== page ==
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    EZEMMỤỌ
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      Africans are still unpacking the new year, one day at a time. For some people, the strides are gradual while others are in full gear already.

       

      Businesses are up and running, full mast, essentially because the usual pre-Christmas urban-rural exodus is now in reverse gear; the villages have poured back into the cities all the people they welcomed just before the holidays.

       

      Daily interactions across African cities have seemingly returned to normalcy. But is there a regular pattern when Africans communicate with one another, especially in urban spaces?

       

      Other than official and ancestral languages too numerous to list, Africa has regional or sectarian expressions that dot its wide communication spectrum.

       

      Africans from different parts of the continent, aided by social media, periodically produce peculiar slangy terms.

       

      Let us close in on one of the most linguistically diverse countries in the world – Nigeria.

       

      With more than 500 distinct languages, a unique version of the English Language -Pidgin, and the official English Language which is spoken less frequently in rural areas, spice and variety are generously displayed when Nigerians interact every day. Factor in the immense creativity especially from Nigerian youth and you have a repertoire of vernacular expressions.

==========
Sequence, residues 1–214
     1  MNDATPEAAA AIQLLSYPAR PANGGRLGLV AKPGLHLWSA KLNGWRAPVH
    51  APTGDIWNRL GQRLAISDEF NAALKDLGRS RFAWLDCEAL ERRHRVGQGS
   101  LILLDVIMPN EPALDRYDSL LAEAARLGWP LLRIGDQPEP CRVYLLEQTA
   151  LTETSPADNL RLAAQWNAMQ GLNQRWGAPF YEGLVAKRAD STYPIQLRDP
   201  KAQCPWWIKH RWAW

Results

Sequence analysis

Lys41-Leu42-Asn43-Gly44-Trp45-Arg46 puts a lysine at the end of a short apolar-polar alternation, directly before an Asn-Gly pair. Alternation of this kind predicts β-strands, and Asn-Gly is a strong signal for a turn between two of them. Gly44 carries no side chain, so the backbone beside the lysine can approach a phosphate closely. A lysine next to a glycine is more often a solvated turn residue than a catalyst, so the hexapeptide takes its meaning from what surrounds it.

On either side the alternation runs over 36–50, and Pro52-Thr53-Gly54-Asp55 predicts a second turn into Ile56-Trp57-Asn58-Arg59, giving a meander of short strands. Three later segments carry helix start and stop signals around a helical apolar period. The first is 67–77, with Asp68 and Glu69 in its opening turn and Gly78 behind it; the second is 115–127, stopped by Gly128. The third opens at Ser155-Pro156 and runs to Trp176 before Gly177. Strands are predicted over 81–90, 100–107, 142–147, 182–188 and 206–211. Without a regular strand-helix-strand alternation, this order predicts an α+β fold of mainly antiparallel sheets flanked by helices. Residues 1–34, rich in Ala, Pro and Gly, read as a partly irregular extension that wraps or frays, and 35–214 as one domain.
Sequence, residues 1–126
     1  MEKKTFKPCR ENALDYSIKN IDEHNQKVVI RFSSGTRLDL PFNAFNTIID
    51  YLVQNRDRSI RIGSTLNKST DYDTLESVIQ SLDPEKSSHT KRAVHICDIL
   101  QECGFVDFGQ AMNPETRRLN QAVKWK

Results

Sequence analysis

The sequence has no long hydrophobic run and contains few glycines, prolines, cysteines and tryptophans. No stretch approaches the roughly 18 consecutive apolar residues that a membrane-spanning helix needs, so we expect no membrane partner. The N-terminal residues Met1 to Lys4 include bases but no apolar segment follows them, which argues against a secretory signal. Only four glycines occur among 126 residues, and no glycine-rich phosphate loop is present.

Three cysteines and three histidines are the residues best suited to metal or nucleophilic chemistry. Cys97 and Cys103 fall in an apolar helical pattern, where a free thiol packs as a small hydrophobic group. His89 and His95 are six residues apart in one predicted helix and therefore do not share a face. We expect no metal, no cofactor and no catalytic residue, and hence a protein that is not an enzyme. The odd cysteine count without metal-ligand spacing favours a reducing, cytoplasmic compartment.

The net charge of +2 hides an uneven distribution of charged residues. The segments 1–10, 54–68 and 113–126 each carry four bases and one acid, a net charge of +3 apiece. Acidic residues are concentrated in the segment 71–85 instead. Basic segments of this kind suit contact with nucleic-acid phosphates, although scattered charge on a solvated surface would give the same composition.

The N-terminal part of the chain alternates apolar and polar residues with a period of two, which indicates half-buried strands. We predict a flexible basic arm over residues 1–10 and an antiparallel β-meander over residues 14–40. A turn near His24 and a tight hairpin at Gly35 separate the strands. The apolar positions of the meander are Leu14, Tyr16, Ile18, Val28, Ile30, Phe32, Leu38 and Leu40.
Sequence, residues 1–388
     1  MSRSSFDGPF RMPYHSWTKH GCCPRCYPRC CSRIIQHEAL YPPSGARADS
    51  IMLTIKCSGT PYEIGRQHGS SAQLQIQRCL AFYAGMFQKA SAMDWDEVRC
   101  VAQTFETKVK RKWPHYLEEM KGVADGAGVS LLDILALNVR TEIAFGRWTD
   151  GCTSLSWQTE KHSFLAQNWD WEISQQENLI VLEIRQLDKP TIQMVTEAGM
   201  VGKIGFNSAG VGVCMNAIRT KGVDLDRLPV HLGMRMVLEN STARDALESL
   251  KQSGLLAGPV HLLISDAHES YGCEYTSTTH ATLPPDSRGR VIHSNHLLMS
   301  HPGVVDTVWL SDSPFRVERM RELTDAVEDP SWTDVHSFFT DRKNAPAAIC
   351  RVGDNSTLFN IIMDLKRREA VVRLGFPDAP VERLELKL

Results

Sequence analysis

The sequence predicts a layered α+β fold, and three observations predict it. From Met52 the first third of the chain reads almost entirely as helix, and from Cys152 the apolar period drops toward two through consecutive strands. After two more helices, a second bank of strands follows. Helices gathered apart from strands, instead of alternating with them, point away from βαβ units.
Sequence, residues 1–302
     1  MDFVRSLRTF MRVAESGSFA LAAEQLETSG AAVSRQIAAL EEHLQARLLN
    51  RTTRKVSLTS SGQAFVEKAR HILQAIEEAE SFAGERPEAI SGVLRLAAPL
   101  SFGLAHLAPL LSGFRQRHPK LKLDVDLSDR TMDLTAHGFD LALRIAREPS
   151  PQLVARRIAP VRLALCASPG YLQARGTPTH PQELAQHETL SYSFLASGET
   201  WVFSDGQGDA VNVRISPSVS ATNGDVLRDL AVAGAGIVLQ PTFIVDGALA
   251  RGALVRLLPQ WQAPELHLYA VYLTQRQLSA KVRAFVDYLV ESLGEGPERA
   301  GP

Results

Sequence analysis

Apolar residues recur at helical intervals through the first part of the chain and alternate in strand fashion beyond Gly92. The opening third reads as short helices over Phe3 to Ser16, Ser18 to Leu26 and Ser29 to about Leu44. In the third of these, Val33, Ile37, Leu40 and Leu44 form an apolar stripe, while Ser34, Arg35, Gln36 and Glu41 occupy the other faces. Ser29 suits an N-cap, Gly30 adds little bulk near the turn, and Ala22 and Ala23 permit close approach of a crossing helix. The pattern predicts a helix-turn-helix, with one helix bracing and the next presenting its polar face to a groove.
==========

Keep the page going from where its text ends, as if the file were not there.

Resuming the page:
So, as Nigerians proceed with their colorful communication styles in 2023, let us, in hindsight, consider a collection of coinages created from seasons, fads, and trends of 2022, most of them, though inherited from previous years, have been made more popular by social media, music, and African contemporary pop culture.

       

       

      DEY PLAY

       

      This construction found its way to the lips of most Nigerians after it was reportedly made popular by a TikTok user from Edo state, Nigeria.

       

      The social media user, while showing off his new house and car in a video, repeatedly said “Just de play”, paradoxically implying that hard work pays off more than playing.

       

      The slang quickly caught on, especially among young folks who use it to sarcastically nudge their peers to stay focused.

       

       

      SHEY YOU DEY WHINE ME NI?

       

      This is exactly not new on Nigerian streets, but in 2022, enhanced by social media and a song by budding Nigerian Musician, Austin Emmanuel, popular as Austin De Bull, ‘shey you dey whine me ni?’ became a major trend.

       

      A lot of meanings can be ascribed to this coinage; however, it primarily queries the listener’s realness or genuineness.

       

      On the streets of Nigeria, people ask this colloquial question to make sure they are not being messed with, or to be sure the other party is serious with them.

       

       

      TRENCHES